Elite Societies

Former Navy underwater photographer Steve Waterman of South Thomaston, Maine, and retired SEAL Capt. Larry Bailey of Alexandria, Va., lead the Phony SEAL Busters. The Medal of Honor and Prisoners of War societies have similar watchdog groups that expose phonies.

Waterman said the group had outed thousands of phonies including customs agents, political candidates, Hollywood stuntmen, bodyguards, police, and agents of the federal Drug Enforcement Administration.

“We do it for the same reason people march in Fourth of July parades,” said Waterman, author of the book “Just A Sailor.”

“The SEALs are about integrity and honor, and people who jump on their bandwagon tread on the ground that SEAL blood has been spilled on. ... And what will the headlines read the first time a fake’s in a situation he can’t handle? ‘Navy Seal couldn’t stop attack.’”

The Phony SEAL Busters are investigating as many as 40 alleged SEALs in prominent security positions. The group has access to an extensive, updated database that includes all former team members.


Tuesday, January 18, 2000
Page: 13A
Illustration: Photo
[Jesse Ventura doll]

Bill Salisbury, Guest Columnist

Pioneer Press reporter Jim Ragsdale's Dec. 15 article, "Ventura was a true SEAL, say defenders," finally caught up with me in San Diego. I see I've been burned by a little St. Paul home cookin'.

Ragsdale's article fairly represents my position that Gov. Jesse Ventura deceives the public and insults the memory of real SEALS when he claims to have been a member of that elite U.S. Navy group.

However, apart from my quotes, Ragsdale chooses to let his readers hear only from three of Ventura's defenders - two of whom are not even SEALS. He does not quote from the SEALS in my article who also castigate Ventura for his deception. Consequently, the article unfairly makes me appear as a lone wolf howling in the Minnesota wilderness.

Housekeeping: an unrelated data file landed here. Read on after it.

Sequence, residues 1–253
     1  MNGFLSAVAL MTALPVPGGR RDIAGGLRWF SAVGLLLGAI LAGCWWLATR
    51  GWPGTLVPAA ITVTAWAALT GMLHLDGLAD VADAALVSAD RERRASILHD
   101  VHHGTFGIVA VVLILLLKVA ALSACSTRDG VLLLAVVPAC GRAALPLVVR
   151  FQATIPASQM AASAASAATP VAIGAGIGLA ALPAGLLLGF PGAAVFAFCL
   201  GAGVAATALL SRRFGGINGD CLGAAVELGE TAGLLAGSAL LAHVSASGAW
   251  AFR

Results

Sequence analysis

Ventura's defenders cited by Ragsdale include a writer who makes his living retelling often self-serving stories he's been told by SEALS and frogmen and a public-affairs weenie at the Navy's Special Warfare Command who gives not an official but a "personal" opinion that I'm splitting hairs.

The Navy p.r. man also makes the extraordinary claim that "a SEAL doesn't care if another SEAL hasn't been in combat." If that's so, then why all the medals SEALS and other military people wear to distinguish those who have been in combat from those who have not?

As a 16-year veteran of SEAL service that included tours as officer-in-charge of a SEAL Team 1 detachment in Vietnam, executive officer of SEAL Team 2 and commanding officer of UDT 11 (now SEAL Team 5, but I never say I commanded SEAL Team 5), I assure you SEALS care a great deal about who did and who did not see combat.

Finally, Ragsdale quotes Larry Bailey as calling me a "liar and hoaxter." Bailey's nose is out of joint because I condemn him as a sycophant who covers for Ventura. I also expose the deception foisted on the public in a TV biography of Ventura during which Bailey is inaccurately identified as Ventura's former commanding officer. Bailey never commanded an Underwater Demolition or SEAL Team.

The men Ragsdale chose not to quote who appear in my article include Dick Ray (Silver Star, Purple Heart); Ed Gill (Silver Star, Purple Heart); "Jake" (Silver Star, Purple Heart); Artie Ruiz (Bronze Star, Purple Heart). I also told Ragsdale that most of my information about Ventura as a frogman came from one of his commanding officers. (I declined to name the CO - not because he spoke on condition of anonymity, but because I wanted to spare him incessant demands for interviews.)